Looking at the photos, one finds themselves sharing Leitman's manic excitement over her subjects; one cannot help but to become physically entangled in the unique universe of each picture. Tight on a pair of white leather boots crunching through a sidewalk strewn with broken glass - your jaw clenches. A woman, stretching her arm away from a pale ribcage to reveal a freshly sewn cut, 7 stitches, a bandage hanging loose - your skin crawls. Leitman seems to be grinning eagerly behind the camera, unmoving as to not disturb the natural habitat of the creatures she has so carefully sought out. She shares them with us full of pride, a hunter presenting her prey.
Leitman and her Mamiya C330
Looking through Leitman’s portfolio, it's easy to forget that the world she documents and inhabits still exists today. Her photos, shot on film, feel perfectly reminiscent of Nan Goldin and the sexual revolution of the '80s that I imagine the portraits must be costumed and cast by Leitman herself. However every once in a while the photos give way to a familiar landmark, and you are reminded that the scene before you is not a shot from a period piece, but instead from a party that you’re probably in the midst of missing out on. An aging drag queen in a white wig and a button down '60s house dress, lit brightly against the night, holding a VR headset up to her eyes; A melancholy looking young queen, pink wigged and lips filled in twice past their perimeter holding a takeaway cup from Jack in the Box with the words “make a late foody” printed in purple block letters. “We live in the same world as you,” the portraits taunt, “we’re just having more fun doing it.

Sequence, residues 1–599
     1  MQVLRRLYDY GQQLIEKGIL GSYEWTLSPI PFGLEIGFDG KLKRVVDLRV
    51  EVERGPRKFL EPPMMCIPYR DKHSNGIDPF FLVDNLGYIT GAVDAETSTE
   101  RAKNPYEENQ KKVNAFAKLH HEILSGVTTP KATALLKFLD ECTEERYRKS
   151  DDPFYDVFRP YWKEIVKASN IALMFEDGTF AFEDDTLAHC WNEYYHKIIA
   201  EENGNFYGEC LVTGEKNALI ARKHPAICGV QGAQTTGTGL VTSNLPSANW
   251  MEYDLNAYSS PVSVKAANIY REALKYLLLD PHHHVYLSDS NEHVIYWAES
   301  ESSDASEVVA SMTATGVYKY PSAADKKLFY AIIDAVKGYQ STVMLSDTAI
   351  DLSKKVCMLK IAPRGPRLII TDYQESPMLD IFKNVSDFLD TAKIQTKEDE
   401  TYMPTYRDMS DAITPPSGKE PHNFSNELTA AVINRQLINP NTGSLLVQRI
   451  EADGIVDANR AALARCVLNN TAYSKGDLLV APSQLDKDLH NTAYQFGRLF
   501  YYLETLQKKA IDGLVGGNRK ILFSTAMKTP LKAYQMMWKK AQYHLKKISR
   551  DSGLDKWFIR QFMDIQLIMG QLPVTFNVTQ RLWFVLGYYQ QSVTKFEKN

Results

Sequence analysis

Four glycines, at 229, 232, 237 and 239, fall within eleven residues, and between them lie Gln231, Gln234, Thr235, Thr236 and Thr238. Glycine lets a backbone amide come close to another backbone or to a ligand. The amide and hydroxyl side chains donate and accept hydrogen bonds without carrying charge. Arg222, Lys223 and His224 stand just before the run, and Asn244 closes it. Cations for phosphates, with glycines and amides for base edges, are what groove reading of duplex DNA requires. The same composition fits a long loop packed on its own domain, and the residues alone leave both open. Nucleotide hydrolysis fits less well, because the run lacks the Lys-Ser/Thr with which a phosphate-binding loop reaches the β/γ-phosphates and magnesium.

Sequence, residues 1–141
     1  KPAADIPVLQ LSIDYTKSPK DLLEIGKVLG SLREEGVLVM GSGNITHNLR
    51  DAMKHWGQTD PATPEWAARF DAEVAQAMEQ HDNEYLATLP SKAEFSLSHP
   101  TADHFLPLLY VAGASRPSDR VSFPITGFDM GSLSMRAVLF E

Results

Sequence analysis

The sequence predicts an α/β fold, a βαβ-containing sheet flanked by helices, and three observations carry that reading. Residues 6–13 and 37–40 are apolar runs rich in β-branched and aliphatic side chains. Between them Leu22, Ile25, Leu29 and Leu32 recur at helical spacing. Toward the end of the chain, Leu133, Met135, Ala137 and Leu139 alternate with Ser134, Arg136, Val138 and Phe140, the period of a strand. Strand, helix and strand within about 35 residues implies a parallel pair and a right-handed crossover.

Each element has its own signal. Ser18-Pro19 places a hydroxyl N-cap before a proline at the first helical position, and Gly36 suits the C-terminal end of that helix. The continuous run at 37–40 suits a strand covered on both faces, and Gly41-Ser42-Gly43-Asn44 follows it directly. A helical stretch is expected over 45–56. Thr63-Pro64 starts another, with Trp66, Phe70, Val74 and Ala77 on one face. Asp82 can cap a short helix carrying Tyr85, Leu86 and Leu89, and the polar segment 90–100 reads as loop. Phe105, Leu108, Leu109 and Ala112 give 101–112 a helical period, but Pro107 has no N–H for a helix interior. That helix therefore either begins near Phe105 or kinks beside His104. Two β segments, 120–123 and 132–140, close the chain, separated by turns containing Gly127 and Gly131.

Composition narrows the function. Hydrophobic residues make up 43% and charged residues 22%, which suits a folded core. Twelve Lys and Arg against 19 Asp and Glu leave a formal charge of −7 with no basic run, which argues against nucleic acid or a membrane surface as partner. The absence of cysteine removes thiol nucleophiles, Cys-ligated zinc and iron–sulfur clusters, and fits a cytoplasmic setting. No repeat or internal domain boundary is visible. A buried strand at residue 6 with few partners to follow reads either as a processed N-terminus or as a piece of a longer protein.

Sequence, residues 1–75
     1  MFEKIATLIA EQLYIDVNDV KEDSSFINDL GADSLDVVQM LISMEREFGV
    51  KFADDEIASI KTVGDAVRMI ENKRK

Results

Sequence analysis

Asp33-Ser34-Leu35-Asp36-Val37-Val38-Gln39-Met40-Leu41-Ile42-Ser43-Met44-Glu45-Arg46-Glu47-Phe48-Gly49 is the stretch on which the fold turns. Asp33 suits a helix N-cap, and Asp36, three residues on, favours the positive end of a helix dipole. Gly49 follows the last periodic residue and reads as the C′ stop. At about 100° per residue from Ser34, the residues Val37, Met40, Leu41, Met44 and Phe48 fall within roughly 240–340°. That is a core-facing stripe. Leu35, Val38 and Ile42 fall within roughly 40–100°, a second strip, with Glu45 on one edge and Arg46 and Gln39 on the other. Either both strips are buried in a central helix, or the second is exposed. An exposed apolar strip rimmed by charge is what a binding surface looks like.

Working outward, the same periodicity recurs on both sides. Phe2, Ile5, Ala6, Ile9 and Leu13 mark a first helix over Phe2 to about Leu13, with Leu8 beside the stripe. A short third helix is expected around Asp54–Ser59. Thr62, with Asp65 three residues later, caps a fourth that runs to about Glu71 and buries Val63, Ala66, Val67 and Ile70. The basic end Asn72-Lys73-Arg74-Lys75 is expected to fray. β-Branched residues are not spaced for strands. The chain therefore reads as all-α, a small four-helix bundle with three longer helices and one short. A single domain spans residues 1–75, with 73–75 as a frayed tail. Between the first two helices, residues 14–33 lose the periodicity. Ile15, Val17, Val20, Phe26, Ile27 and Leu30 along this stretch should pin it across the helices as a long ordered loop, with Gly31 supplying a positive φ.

And then, there’s Barry. Appearing to be in his mid 80s, Barry is Leitman’s most photographed subject. He’s thin, with thick-rimmed glasses and a white mustache thicker than the hair on his head. When I first made my way through Leitman's portfolio, I was struck by the persistence and intimacy of this character in her work. I wondered, titillated, if he was a family member or perhaps a much older lover. Again and again he came up - Barry, behind a bar, flipping the bird on both hands. Barry, on a bus as it pulls away, hands up in a taunting surrender, an amused smile lingering on his aged face. And on her Instagram, a photo of Barry’s California State ID: “My grumpy fuddy dutty,” Leitman captioned the photo. And finally, Barry, standing amongst Leitman's photos at a gallery, surrounded by portraits of himself. “Today I miss Barry,” the caption reads.
When I ask Leitman about her friend, I am not entirely surprised to hear that he’s passed away just shy of a year ago. She tells me that she first met Barry at Aunt Charlie’s Lounge, the sole remaining gay bar in the Tenderloin neighborhood of San Francisco. Barry worked there as a bartender. Leitman and Barry became friends very quickly, bonding over their desire to sit and tell stories together. She began to visit him at the bar regularly, staying to drink and talk long after closing. Barry had lived in San Francisco his entire adult life in an apartment that he refused to allow guests to visit, insisting that it was too messy, and had worked at Aunt Charlie’s for over 30 years.